Category: Great lLakes

JONES ACT, A MISSED OPPORTUNITY FOR  NAFTA

Loi Jones

United States (US) represents one fifth of the world economy (GDP of 17 400 billion $). It is considered the world’s largest economy. It also counts for 19 924 kilometers of marine coastline, 6 000 kilometers of river length and  250 000 km2 area of its Great Lakes. [1]  With all these assets, why doesn’t it hold  shipping capacity in the world  ?  The  US has become international success in many fields such as automotive, information technology, aeronautics , chemistry, and culture sectors.  But, why not in maritime sector ?

Those following figures illustrate the paradox.  In 2015, among the … Lire la suite

The real impact of CETA: Global Economic and Commercial Agreement  

CETA

CETA WILL GIVE ACCESS TO 500 MILLION CONSUMERS

The Government of Canada claims that the Canada-EU Comprehensive Economic and Trade Agreement (CETA) will give Canadian companies preferential access to 500 million European consumers, a market evaluated at $ 18 trillion[1] [2]. Accordingly, bilateral trade would increase by 20 percent and would increase Canada’s GDP by $ 12 billion a year. This would create nearly 80,000 new jobs and increase the average Canadian household’s annual income by $ 1,000. [3]

Are these predictions realistic ? What are the business opportunities for transport and maritime companies? In order to answer … Lire la suite

October 2016 Strategy for the Great Lakes and St.lawrence River Martime Transportation System

Context of the Conference

On June 15 in Detroit, Michigan, United States governors and premiers of Canadian provinces made public the first “regional strategy” designed to increase shipping in the Great Lakes and St. Lawrence river. This strategy proposes an integrated vision of the maritime system of the Great Lakes and St. Lawrence and calls for better coordination of decisions between different jurisdictions and cooperation.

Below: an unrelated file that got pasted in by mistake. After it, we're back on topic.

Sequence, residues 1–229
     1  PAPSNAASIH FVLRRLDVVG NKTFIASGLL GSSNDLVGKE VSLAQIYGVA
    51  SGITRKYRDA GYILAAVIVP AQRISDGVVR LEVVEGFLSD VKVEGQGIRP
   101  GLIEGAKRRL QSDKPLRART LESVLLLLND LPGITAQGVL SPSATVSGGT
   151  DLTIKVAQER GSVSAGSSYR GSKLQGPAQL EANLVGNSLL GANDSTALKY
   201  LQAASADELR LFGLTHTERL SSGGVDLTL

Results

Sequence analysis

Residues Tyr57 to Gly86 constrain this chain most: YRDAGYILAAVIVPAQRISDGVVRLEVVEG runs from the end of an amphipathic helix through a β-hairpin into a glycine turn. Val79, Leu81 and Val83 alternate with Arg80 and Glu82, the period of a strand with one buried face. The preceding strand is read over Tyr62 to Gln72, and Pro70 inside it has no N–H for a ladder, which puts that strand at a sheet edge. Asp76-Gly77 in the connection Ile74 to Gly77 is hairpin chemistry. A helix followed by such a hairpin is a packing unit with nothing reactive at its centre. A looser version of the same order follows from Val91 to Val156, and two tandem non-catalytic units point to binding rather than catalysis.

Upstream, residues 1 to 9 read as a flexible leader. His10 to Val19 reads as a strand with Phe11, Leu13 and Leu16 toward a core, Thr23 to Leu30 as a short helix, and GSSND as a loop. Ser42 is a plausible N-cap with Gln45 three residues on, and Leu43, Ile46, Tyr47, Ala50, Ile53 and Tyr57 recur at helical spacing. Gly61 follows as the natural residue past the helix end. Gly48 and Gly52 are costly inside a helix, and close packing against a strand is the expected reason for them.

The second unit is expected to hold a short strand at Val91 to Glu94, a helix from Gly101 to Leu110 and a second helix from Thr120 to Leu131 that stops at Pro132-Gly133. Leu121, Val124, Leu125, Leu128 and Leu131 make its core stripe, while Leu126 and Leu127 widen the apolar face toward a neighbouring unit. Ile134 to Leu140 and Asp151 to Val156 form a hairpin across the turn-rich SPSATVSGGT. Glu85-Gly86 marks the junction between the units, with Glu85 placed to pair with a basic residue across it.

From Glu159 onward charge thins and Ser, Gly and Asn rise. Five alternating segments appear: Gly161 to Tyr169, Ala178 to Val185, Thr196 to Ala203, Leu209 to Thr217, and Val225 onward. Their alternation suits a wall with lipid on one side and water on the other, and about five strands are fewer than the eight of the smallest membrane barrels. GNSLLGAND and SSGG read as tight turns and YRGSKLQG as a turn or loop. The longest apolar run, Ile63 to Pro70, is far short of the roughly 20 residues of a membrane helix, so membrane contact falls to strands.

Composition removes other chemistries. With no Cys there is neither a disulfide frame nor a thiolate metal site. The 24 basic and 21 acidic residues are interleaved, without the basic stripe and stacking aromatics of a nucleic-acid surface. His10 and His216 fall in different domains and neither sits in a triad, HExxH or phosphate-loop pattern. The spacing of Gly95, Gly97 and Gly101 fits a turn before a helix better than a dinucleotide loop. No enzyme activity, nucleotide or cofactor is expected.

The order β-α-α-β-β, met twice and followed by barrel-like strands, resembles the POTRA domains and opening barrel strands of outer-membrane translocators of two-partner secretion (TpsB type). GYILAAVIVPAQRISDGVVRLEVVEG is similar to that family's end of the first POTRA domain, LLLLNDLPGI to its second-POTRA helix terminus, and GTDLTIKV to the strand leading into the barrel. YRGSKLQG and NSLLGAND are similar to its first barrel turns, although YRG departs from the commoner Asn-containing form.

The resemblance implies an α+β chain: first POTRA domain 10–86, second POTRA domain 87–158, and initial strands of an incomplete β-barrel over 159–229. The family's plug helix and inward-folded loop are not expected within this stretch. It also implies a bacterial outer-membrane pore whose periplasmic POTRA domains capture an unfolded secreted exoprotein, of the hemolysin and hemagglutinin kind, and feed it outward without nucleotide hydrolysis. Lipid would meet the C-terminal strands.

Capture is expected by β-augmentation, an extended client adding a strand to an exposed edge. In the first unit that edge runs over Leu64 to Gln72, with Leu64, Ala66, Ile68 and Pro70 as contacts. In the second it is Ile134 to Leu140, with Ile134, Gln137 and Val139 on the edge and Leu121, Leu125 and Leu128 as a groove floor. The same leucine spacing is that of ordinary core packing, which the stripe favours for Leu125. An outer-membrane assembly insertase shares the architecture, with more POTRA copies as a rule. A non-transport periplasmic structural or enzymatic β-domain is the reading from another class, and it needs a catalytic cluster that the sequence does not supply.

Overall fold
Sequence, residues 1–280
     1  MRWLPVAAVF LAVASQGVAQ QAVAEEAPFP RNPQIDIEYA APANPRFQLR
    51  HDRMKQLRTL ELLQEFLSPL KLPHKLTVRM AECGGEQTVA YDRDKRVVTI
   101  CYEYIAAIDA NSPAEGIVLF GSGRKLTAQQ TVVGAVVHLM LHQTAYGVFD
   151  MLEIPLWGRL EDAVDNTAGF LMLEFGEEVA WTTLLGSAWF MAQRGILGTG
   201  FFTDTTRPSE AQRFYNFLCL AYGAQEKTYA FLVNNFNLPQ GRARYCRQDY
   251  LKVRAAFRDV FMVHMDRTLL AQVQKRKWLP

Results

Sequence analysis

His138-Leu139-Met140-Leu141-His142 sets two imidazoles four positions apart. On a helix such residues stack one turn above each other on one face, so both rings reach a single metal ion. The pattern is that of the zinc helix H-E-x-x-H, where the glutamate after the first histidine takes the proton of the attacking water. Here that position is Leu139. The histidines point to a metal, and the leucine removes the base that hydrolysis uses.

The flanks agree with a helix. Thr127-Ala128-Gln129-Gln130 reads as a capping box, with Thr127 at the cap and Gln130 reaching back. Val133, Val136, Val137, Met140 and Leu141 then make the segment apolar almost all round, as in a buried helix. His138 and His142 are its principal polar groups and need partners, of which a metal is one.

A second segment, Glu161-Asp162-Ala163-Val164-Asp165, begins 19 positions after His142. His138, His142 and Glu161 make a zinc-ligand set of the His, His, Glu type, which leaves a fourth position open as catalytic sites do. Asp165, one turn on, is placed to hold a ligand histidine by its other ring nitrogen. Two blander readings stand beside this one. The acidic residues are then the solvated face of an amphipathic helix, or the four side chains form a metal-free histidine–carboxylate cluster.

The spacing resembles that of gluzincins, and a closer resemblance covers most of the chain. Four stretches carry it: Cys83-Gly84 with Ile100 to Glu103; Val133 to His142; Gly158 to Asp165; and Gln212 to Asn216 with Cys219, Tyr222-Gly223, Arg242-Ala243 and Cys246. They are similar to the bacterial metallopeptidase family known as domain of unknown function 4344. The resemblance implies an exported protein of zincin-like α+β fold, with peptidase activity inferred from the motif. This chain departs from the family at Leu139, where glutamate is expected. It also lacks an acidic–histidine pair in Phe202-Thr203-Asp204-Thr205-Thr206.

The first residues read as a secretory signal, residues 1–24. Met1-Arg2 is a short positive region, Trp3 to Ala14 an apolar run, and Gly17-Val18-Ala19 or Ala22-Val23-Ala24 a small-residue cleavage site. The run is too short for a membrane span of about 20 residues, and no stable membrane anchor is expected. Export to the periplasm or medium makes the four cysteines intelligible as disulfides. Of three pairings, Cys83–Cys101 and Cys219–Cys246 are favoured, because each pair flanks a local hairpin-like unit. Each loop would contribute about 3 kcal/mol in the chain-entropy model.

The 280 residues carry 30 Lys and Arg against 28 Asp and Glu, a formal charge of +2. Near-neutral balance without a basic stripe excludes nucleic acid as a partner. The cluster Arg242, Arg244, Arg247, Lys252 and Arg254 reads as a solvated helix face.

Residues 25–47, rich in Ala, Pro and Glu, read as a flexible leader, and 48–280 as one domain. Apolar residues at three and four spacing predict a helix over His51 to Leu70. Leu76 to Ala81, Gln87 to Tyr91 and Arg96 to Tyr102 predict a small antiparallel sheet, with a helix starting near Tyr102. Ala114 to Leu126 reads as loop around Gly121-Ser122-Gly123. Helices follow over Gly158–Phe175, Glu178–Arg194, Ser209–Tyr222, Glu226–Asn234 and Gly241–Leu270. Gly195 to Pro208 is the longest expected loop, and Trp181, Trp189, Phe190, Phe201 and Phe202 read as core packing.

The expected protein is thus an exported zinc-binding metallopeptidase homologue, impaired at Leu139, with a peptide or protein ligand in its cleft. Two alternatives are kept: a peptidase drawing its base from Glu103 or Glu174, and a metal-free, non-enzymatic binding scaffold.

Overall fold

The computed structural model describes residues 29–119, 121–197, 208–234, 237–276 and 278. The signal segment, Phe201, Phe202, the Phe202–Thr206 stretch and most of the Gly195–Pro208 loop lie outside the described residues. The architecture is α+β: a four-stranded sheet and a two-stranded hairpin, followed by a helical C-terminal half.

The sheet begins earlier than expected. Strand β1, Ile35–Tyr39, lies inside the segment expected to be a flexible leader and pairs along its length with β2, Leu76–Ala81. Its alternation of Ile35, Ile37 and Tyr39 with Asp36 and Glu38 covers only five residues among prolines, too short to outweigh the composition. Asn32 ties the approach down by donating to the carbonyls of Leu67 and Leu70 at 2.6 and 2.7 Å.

It plan to double marine trade, reduce the environmental footprint of the transport network in the region and support its industrial core. The strategy is expected to boost the regional economy by 5 000 billion … Lire la suite

JUNE 2016, OVERVIEW OF THE CANADIAN MARITIME ENVIRONMENT

By 2015, a lower demand for natural resources has had a considerable impact on the volume of cargo handled at Canadian port authorities.  There is a slowdown in activities in almost all port sites. However, this decrease has been more pronounced for 2016.

To understand the differences and determine cause of the declines, we will present an analysis of the activities of three Canadian port authorities; those of Vancouver, Montreal and Quebec City. In this regard, a composite indices measuring the Canadian port activity have been developed. These indices are based on trends in the international trade of  over 50 … Lire la suite